Q&A of the Day – A Closer Look at Palm Beach County’s Teacher Pay & Proposed Raises
Each day I feature a listener question sent by one of these methods.
iHeartRadio: Use the Talkback feature – the microphone button on our station’s page in the iHeart app.
Today’s Entry: Good morning, I listened to your broadcast today and I was upset with the manner you spoke about teachers and raises. I do agree with your viewpoint about the 9% raise for the superintendent. However, the lack of background information presented from a teachers viewpoint is off the mark. I am a conservative teacher and I have never been part of the union. I have been in Palm Beach County, as a teacher, for 17 years. Early in my career, I had pay steps taken away from myself because the union convinced teachers to vote against themselves when it came to raises.
I am not making much more than a starting teacher with 17 years of experience... the 7.5% raise will increase my pay to $60,000 a year. I believe I deserve this pay increase for my time served and broken promises by the district and the union. However, across the board raises at 7.5% is something I do not agree with. It should have been based on years of experience. This is how it was in my early years as a teacher.
I know you dive deep into issues and it is my wish you dive deep into the pay situation that has been going on in the district since they got rid of steps, over a decade ago, for teachers and paint a different picture for the public other than what was painted today in your news broadcast. Love your show.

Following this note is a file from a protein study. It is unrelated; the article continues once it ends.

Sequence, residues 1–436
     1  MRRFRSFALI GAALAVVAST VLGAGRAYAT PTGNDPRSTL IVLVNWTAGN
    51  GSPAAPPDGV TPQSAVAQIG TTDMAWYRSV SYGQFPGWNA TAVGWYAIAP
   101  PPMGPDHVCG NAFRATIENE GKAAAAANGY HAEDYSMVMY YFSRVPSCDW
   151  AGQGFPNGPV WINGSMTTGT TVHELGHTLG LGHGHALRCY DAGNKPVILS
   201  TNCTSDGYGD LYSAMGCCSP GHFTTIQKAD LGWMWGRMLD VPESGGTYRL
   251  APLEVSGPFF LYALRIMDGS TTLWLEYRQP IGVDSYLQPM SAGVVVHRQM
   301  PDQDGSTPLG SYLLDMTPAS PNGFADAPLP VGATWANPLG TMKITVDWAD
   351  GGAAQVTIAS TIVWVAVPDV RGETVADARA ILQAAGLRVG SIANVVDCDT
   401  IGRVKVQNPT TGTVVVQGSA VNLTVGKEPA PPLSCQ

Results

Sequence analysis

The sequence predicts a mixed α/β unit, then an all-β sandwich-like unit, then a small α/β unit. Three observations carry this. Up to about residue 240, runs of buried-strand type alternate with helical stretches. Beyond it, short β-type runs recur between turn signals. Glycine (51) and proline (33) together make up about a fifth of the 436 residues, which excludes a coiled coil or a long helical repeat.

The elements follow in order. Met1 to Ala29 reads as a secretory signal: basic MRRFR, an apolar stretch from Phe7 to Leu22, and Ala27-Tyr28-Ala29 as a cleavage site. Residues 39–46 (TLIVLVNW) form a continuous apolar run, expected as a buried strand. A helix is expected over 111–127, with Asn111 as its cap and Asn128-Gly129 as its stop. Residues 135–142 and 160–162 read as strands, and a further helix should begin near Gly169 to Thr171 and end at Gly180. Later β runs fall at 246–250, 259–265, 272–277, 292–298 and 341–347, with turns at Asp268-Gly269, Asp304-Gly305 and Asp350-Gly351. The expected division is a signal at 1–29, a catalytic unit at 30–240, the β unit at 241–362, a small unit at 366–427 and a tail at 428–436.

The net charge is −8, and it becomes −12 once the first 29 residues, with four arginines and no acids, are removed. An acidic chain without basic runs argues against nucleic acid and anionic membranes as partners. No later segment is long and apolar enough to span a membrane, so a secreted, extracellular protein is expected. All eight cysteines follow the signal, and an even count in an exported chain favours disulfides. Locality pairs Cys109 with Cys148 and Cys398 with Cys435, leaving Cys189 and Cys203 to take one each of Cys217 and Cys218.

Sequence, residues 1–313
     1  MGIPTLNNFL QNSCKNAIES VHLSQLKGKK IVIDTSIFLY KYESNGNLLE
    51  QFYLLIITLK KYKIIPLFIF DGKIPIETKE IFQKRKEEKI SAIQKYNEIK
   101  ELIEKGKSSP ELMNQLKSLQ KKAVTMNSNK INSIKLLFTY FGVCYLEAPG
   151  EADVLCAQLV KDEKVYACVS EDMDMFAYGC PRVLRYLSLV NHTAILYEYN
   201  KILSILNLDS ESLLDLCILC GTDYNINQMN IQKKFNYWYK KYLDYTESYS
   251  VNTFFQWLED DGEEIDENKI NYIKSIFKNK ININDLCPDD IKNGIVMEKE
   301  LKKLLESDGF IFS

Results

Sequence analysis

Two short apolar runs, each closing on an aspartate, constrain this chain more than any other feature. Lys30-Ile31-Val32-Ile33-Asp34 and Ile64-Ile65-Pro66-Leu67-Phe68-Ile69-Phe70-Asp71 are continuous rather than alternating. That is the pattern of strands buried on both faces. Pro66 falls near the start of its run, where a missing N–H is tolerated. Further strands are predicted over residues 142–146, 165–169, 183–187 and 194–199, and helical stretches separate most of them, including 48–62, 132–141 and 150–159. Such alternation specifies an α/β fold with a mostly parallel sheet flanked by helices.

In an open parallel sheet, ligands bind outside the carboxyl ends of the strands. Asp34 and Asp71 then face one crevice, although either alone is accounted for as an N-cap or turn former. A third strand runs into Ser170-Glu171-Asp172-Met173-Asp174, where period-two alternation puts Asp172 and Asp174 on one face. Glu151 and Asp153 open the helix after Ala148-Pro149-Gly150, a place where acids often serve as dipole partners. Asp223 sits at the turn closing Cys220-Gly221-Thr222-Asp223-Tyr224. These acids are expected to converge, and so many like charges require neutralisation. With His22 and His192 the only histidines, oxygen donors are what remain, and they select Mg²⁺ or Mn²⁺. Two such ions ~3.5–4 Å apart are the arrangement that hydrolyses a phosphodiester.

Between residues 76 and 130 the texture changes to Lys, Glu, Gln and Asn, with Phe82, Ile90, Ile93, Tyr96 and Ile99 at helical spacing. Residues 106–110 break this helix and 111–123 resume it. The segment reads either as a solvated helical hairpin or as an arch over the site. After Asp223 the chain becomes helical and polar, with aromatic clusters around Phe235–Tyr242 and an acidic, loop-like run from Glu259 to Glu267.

Bottom Line: I received today’s note last Friday following my Top 3 Takeaways and wanted to take the time to adequately address the concerns expressed in this note in addition to providing a greater analysis of the compensation of Palm Beach County’s teachers as has been requested as well. First let’s hit the reset button by discussing what it was that I said that brought the note about...it was this:
On Wednesday, Palm Beach County School Superintendent Mike Burke, who himself just received a 9% raise, said he’s backing a newly union negotiated 7.5% raise that is set to go to the school board for a vote. Now, to date he’s not explained why he deserved a bigger raise than the teachers within his school district. That would no doubt result in an interesting answer if a reporter were to actually ask it. He’s also not explained why public-school teachers deserve much larger raises than the community they serve. The average public-school teacher in Palm Beach County currently earns 13% more than the average full-time salaried employee within the county. The average wage gain by all full-time employed employees in the county over the past year has been 5.8%. So, the teachers already earn a lot more than the people who pay the taxes that pay their salaries in the communities they serve and they’re attempting to fast-track raises that would be a lot more than those of the community they serve. We should demand to know why a superintendent who receives a 9% raise, seeks a 7.5% raise for teachers in a community which has only, on average, experienced a 5.8% raise.
I’ll start by saying that I stand by what I said but also that the teacher’s note and the concerns expressed are merited. Teacher salaries within the Palm Beach County School District are the result of the Collective Bargaining Agreement reached with the Classroom Teachers Association for union and non-union members alike. The current schedule for teacher compensation in the District runs from a minimum of $49,133 annually to a maximum of $97,280 annually. The two variables that dictate a teacher’s compensation are education level and experience.